“I became the secretary of a local brewery. When you’re the secretary of a brewery, all there is to your world is beer,” Eve replies when asked how she’s managed to arrive on the Great White Way from a modest Wisconsin upbringing. “It wasn’t much fun,” she continues, “but there was a little theater. It was like a drop of rain in the desert. We played Lilliom for three performances, and I was awful.” She wound up in San Francisco just in time to meet Eddie, her young husband, on leave from the Pacific Front in World War II, she continues. “That’s where I received the telegram, forwarded from the War Office, that Eddie had been killed in battle.”

Eve decided to stay in San Francisco. “One night, Margo Channing came to town to play in Remembrance, and here I am,” she says quietly to a small audience she already has wrapped firmly in the palm of her trembling hand. It’s the performance of a young lifetime. Before the evening is through, Margo will offer Eve a job as her personal assistant. But Eve has already parlayed her good fortune into a higher rung of the ladder, quietly contemplating how she might become Margo’s understudy.

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The xx: Back In Black

To celebrate our return to publishing the print version of MAGNET three years ago, we will be posting classic cover stories from that time all week. Enjoy. And order a copy of the issue here.

XX

Three years after its debut won the Mercury Prize and the hearts and minds of indie-dom—not to mention the likes of Drake, Shakira and Rihanna—London’s little band that could has released a new album of hushed, lovesick melodramas that are sure to play out in late-night teenage bedrooms around the globe. By Jonathan Valania

It is the tail end of another hot, dog-breath day afternoon in early August. Mercifully, we are on our way to some place that is, for one night anyway, cool: Staten Island. There are many locales that you might associate with the sound, the look and the vibe of the xx—London after dark, Tokyo circa Lost In Translation, Manhattan around midnight, capitals of cool each and every one—but Staten Island is most assuredly not one of them. There is nothing young or cool or stylish about Staten Island, which even residents refer to as “the forgotten borough.”

And yet here we are, standing on the deck of the Staten Island Ferry, motoring across the Hudson for a semi-exclusive audience with London’s black-clad indie-pop darlings, who are playing a hastily announced concert on the island that is Staten. Behind us, the Manhattan skyline recedes into the distance. Off the starboard bow, the sun dips behind the Statue of Liberty like a solar eclipse, giving Lady Liberty a corona of brilliant white light that sets the twilight reeling.

In advance of the release of Coexist, the xx’s much-anticipated follow-up to 2009’s beloved xx debut, the band is capping a sold-out pre-release promotional tour of select West and East Coast dates in the U.S. with a performance at the little-known Snug Harbor Cultural Center, a sprawling complex of botanical gardens and majestic Greek-revival buildings situated on Staten Island’s north shore. Erected in 1801 as a retirement facility for sailors, Snug Harbor has in more recent years been repurposed to serve the arts. Tonight it will serve the xx and serve them well.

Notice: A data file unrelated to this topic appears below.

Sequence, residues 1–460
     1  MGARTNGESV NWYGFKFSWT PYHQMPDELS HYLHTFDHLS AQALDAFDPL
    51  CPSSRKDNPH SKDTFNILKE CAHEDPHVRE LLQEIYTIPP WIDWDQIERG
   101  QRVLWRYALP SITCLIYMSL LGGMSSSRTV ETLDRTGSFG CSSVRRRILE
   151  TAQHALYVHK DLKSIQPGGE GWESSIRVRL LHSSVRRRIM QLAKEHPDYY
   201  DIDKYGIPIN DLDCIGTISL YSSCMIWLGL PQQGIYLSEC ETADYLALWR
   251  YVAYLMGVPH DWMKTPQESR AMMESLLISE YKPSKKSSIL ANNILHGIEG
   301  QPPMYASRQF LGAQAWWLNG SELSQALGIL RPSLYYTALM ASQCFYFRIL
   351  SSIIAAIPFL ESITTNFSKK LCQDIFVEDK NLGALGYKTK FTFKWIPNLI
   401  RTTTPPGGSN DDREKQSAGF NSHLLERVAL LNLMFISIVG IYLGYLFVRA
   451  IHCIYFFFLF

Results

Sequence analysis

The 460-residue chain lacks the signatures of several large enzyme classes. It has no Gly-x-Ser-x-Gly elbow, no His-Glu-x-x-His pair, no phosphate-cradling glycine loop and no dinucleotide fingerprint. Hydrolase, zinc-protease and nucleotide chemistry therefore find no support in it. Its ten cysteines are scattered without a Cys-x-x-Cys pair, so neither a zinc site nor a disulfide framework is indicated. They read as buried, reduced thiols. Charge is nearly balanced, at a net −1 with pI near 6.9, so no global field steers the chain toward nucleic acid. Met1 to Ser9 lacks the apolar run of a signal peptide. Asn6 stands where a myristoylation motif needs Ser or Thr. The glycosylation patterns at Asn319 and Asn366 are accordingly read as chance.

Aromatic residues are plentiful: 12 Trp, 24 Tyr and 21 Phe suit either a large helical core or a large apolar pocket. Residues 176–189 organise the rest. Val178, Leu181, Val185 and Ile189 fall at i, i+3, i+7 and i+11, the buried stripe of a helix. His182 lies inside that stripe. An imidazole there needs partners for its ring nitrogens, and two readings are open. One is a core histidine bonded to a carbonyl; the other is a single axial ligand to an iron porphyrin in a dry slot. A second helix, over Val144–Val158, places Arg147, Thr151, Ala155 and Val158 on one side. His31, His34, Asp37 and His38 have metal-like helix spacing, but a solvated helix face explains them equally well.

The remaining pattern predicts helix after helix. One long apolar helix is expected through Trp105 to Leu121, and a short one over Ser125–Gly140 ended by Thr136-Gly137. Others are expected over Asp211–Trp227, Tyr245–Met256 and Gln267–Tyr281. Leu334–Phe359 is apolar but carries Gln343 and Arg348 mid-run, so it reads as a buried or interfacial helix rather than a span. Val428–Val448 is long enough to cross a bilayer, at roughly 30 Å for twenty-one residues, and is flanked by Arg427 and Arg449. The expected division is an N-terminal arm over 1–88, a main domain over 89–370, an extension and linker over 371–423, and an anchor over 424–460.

I’m huddled on the deck amidst a de facto posse of employees from the Beggars Group, which, in addition to providing the care and feeding of legendary indie institutions like 4AD, Matador and Rough Trade, serves as the stateside outpost of the xx’s British home, XL Recordings. Everyone is, to put it charitably, over 30. Crouched nearby is a tender-aged, barely twentysomething couple leaning against the wall and discussing, improbably enough, the exigencies of aging.

“Life sucks more the older you get,” says the male to the female, who nods knowingly. He looks left and right to make sure this conversation is going unnoticed before adding, “I won’t say it too loud because everyone here will just be like, ‘Shut up, we know.’” We all hear it, but pretend we didn’t, feeling no particular need to provide confirmation. He’ll find out soon enough, the poor bastard. Just like we did. Just like everyone does sooner or later.

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Film At 11: Peter Matthew Bauer

Peter Matthew Bauer (Walkmen) recently released his debut album, Liberation, and it was well-received for good reasons. Now, he’s issued a video for a track off the LP called “You Are The Chapel.” The simplicity of the clip speaks to Bauer’s music style and to how his personality might actually be. Let’s just say he dances a lot. Check out the video below.

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MP3 At 3PM: The Marshmallow Overcoat

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The Knights Of Fuzz is no band, but rather a book by Timothy Gassen that explores a definitive history of the garage and psychedelic explosion since 1980. There is a fun theme song by his band the Marshmallow Overcoat to go along with the 500-page tome, though, and it certainly captures the energy and raw power of garage rock and psychedelia. Check out “Knights Of Fuzz” below.

“Knights Of Fuzz” (download):